‘The Patient Paradox: Why Sexed-Up Medicine is Bad for Your Health’ is an absolutely brilliant book and one which I thoroughly recommend. Margaret McCartney is a Glasgow GP who also writes for the BMJ, several newspapers and appears regularly on Radio 4. She is really keen to promote evidence-based medicine, and gets really riled at claims which are made about treatments and interventions which in reality are less than evidence-based.
The paradox in the title, as she shows, is that the iller you are, the less likely you are to be able to access health services. This is because so many interventions are now aimed at healthy people, ‘pre-illness’ if you will, and those interventions are most likely to be taken up by people who are least likely to need them. She uses the example of screening to illustrate this point, but also critiques health charities, big pharma and governmental policies which have been more based on political ideology than evidence of improvement in health and services. If you liked Ben Goldacre’s ‘Bad Science’ I am sure you would like this, it’s very much on the same lines, and meticulously referenced (unlike many of the claims she is critiquing). I really like how not only does she explain her concerns in language that non-medics could easily follow, but she backs up all her points with strong evidence and also outlines where there are gaps in evidence too (in other words where people/companies are making claims about products/policies but where there is no reliable research to substantiate those claims).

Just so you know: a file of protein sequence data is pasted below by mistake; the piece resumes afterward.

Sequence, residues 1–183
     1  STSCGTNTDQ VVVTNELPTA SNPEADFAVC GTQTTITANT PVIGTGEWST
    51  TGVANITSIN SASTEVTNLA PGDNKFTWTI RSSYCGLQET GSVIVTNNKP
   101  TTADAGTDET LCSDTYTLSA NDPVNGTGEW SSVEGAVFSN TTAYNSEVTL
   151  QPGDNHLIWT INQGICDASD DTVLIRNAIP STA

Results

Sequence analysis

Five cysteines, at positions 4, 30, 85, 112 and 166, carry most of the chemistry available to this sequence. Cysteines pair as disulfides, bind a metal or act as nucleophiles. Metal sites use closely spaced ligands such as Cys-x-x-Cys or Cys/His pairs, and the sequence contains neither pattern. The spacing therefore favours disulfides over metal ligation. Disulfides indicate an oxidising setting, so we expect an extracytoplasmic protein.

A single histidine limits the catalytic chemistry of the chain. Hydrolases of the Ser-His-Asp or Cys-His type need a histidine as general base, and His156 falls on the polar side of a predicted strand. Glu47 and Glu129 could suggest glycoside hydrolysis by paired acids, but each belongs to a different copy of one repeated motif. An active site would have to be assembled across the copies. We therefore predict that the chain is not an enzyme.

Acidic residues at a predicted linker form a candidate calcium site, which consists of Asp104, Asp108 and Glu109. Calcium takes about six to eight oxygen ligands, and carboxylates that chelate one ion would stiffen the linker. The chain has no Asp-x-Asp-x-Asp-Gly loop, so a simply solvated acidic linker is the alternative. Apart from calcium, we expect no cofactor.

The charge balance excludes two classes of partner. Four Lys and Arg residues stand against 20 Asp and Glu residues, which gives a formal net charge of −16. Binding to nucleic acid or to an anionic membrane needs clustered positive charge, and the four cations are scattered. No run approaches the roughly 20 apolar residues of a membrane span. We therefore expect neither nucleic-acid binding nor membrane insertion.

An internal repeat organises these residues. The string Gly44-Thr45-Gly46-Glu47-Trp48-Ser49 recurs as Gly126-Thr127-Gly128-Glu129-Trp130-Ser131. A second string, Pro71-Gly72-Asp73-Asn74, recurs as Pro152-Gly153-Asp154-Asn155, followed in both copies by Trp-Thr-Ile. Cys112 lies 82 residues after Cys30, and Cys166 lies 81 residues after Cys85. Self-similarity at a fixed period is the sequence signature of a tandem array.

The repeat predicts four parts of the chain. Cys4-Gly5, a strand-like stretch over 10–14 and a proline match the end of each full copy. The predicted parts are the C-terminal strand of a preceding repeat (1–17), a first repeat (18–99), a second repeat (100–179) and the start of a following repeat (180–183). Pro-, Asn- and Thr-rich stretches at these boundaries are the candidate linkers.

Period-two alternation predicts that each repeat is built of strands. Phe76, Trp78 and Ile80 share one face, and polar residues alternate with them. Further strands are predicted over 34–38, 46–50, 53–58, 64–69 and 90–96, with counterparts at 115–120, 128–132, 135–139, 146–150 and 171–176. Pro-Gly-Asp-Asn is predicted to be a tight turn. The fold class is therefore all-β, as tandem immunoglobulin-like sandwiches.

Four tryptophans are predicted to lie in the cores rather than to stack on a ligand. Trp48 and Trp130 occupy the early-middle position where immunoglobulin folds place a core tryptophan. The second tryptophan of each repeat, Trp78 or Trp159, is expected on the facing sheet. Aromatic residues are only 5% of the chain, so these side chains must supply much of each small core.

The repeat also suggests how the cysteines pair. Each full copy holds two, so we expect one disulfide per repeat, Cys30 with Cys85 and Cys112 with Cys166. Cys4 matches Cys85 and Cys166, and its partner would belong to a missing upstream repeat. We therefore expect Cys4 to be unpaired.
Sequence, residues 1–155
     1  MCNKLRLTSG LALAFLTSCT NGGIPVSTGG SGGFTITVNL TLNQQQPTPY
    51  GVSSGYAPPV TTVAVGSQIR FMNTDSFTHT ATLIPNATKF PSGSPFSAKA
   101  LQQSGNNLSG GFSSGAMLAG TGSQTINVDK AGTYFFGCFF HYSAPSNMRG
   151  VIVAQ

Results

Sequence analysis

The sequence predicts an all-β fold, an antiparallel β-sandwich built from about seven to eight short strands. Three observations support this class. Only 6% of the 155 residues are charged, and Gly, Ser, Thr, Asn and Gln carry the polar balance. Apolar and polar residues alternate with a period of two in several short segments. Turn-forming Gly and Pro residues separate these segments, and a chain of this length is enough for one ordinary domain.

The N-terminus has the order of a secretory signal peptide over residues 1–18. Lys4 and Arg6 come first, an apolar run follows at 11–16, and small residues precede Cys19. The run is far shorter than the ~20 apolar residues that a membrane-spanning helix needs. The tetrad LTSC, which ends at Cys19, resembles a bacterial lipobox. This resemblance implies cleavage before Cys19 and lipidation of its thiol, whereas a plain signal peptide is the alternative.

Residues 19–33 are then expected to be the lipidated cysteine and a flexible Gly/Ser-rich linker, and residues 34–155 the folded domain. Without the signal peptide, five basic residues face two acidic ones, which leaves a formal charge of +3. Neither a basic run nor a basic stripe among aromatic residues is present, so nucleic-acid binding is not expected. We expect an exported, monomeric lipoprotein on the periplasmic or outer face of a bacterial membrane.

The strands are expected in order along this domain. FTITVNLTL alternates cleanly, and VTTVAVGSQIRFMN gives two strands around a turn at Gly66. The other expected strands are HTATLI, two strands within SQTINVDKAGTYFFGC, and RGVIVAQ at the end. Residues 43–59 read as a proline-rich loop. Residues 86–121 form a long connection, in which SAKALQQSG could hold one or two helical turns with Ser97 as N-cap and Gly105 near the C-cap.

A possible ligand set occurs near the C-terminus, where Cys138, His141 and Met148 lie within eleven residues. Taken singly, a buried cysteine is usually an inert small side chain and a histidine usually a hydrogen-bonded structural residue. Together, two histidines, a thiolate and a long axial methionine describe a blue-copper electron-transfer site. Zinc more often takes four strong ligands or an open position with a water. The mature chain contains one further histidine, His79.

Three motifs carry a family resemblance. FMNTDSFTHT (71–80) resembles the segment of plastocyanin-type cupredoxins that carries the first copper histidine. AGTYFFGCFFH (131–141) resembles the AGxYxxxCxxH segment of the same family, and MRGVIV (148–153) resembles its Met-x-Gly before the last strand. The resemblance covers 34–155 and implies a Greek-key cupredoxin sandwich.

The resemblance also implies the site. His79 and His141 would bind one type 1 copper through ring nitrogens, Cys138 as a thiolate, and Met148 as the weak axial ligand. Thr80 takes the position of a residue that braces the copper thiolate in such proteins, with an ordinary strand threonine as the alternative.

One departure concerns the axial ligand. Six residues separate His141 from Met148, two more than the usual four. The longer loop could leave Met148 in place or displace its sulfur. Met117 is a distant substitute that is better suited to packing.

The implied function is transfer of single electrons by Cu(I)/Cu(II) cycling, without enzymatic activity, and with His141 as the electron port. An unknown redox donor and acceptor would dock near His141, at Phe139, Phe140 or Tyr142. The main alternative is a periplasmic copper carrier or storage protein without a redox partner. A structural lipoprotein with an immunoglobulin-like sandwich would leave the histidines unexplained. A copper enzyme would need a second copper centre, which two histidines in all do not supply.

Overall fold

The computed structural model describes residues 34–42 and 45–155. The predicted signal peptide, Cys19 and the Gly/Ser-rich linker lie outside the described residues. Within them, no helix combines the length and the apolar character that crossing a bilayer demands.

My one slight worry is that some people might read this and think that she is saying that there is no point in getting screening at all. I don’t think she is saying that, but what she is saying is that we (health services, policy makers, patients) need to consider the evidence and make informed decisions rather than be brow-beaten into something which may not necessarily be as useful for us as is claimed. However there are just so many examples where services do not live up to this need that it is a bit relentless in the book.
Personally I think this book (like ‘Bad Science’) should be compulsory reading for all medical, nursing and allied health professional students. If I have a group of OU students for one of my courses (not sure yet, still waiting on student numbers) I will definitely be suggesting it to them as extra reading, as it is highly relevant for that course and I kept thinking ‘ooh we talk about that in the course’ throughout the book. Highly recommended.